6:44 a.m. 41 degrees, wind WNW 3 mph. Sky: solid, mousy gray, an all-night
rain prolongs dawn, stalls sunrise, which creeps in obscurity over the
eastern rim . . . a drab, dank, dismal morning. Permanent streams: loss of
clarity, flow freighted with silt, a hillside revision. Wetlands: reeds
dense brown, pines on the far shore a somber green. In between,
uninterrupted streaks, a landscape drained of color and joy. One blue jay
(must be lost) calls, flies in the open, more gray than blue, dripping.
Pond: cold rain on thin ice. I skim a rock: long slide, wake and twang,
throbbing ice. Milkweed seeds soggy and plastered, dangle out of the pod .
. . limp laundry left on the meadow line.
Blue of a blue jay, an optical illusion. A structural color, a scattering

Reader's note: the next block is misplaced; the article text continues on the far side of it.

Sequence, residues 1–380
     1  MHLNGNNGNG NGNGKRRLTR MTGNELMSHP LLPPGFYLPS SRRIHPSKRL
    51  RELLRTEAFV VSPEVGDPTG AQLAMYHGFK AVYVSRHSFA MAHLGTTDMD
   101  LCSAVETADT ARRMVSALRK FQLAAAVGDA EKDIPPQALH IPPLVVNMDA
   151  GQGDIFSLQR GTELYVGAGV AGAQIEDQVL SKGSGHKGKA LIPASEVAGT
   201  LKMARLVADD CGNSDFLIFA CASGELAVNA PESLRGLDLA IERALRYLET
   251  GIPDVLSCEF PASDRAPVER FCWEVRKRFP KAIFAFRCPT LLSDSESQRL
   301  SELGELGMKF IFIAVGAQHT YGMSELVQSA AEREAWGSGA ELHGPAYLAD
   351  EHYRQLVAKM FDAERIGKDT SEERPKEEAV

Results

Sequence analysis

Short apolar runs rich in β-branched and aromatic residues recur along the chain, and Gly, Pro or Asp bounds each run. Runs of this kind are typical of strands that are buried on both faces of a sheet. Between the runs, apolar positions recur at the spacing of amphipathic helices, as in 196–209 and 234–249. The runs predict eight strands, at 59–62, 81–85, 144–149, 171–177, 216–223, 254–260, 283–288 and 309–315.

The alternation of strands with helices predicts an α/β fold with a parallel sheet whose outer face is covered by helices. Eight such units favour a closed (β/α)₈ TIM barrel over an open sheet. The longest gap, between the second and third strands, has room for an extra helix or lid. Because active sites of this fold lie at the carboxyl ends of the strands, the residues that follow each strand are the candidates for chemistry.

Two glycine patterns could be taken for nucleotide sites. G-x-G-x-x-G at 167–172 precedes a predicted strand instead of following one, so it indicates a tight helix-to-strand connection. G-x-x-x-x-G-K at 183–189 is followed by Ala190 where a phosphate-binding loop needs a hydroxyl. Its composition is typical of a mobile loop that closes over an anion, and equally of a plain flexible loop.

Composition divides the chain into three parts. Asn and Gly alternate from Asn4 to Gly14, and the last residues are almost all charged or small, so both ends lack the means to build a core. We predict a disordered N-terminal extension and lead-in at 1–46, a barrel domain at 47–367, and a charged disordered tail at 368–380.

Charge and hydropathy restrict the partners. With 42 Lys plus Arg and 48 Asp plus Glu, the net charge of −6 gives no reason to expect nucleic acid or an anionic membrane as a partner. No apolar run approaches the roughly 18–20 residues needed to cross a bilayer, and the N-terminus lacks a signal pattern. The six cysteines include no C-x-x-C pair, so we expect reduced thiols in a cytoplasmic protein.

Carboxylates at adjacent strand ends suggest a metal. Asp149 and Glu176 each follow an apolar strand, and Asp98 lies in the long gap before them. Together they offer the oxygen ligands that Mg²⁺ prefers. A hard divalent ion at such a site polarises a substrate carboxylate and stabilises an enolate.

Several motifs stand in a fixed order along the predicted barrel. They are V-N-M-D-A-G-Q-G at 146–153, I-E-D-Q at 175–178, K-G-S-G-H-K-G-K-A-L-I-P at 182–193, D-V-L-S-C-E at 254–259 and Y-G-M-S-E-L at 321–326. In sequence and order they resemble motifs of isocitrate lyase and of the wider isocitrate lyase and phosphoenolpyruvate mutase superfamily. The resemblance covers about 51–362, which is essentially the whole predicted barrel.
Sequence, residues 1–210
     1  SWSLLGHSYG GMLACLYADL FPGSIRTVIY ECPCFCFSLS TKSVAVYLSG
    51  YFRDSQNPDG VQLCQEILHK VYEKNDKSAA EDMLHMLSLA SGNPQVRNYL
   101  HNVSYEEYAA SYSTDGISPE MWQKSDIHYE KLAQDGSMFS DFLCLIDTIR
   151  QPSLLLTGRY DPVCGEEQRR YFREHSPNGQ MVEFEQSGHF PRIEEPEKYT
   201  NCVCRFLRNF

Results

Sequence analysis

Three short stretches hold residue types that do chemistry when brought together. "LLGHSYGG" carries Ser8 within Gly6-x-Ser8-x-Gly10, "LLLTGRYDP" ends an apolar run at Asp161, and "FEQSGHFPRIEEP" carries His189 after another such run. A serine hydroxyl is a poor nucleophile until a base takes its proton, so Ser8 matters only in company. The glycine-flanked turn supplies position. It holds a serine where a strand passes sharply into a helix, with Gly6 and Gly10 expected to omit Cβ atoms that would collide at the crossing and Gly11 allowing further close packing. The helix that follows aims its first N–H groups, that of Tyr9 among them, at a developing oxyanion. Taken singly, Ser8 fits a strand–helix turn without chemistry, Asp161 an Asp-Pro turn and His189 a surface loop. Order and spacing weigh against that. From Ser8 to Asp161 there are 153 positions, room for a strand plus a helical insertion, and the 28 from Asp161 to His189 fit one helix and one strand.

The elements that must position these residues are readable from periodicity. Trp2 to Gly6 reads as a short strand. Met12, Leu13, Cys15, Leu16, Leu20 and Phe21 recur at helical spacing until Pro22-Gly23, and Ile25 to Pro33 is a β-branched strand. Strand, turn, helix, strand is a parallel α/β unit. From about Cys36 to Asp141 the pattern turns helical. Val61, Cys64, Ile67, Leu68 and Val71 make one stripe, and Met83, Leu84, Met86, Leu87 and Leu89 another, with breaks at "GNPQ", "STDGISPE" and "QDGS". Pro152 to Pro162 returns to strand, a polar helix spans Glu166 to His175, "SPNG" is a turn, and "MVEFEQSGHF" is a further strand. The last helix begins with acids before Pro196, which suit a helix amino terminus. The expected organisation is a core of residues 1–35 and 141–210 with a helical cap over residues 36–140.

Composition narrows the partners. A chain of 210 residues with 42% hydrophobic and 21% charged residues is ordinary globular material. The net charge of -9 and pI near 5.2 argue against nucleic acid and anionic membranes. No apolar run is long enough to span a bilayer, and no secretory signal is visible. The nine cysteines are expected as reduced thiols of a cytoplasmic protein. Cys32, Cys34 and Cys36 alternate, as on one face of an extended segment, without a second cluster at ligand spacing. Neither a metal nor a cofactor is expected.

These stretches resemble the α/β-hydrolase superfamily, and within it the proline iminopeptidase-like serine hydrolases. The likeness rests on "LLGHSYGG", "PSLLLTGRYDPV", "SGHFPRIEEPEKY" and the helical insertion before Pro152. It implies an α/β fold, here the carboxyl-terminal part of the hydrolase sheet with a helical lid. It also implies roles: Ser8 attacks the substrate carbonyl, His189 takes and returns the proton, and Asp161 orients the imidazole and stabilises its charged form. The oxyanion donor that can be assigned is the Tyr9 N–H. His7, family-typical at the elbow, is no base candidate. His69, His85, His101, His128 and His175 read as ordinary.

of light. Not a pigment. Transparent, gas-filled spaces (called vacuoles)
in the barbs—collectively the vane on either side of the feather
shaft—bounce light back at the viewer. The result is a blue festival:
indigo blue, madder blue, china blue, porcelain blue, Gobelin blue, Dutch
blue, sky blue, baby blue. Take away light, turn off the sun . . . a gray
bird. Without light refracting off the vacuoles, nearby *melanin *cells, a
brownish pigment, render the jay (or bluebird or indigo bunting) an
uninspired gray. Today's jay: dripping wet, drab as the sky (although more
animated). Even jay's crest . . . an ashy gray. What's not an optical
illusion: white cheeks, black wrap-around scarf, barred tail and wings,
white-tipped wing feathers.
There are colors we don't see, sounds we don't hear. And then there's the
blue jay . . . a chromatic illusion, a Penn and Teller trick. Now blue, now
gray, now blue again . . . the nonchalant renderings of *our* small star.